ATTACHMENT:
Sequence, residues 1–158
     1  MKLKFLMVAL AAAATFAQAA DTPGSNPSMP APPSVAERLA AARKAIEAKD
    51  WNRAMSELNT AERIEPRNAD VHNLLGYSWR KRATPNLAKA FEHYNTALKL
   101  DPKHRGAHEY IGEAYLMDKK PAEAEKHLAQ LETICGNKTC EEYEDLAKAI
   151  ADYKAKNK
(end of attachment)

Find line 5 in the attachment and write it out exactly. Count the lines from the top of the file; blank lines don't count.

   151  ADYKAKNK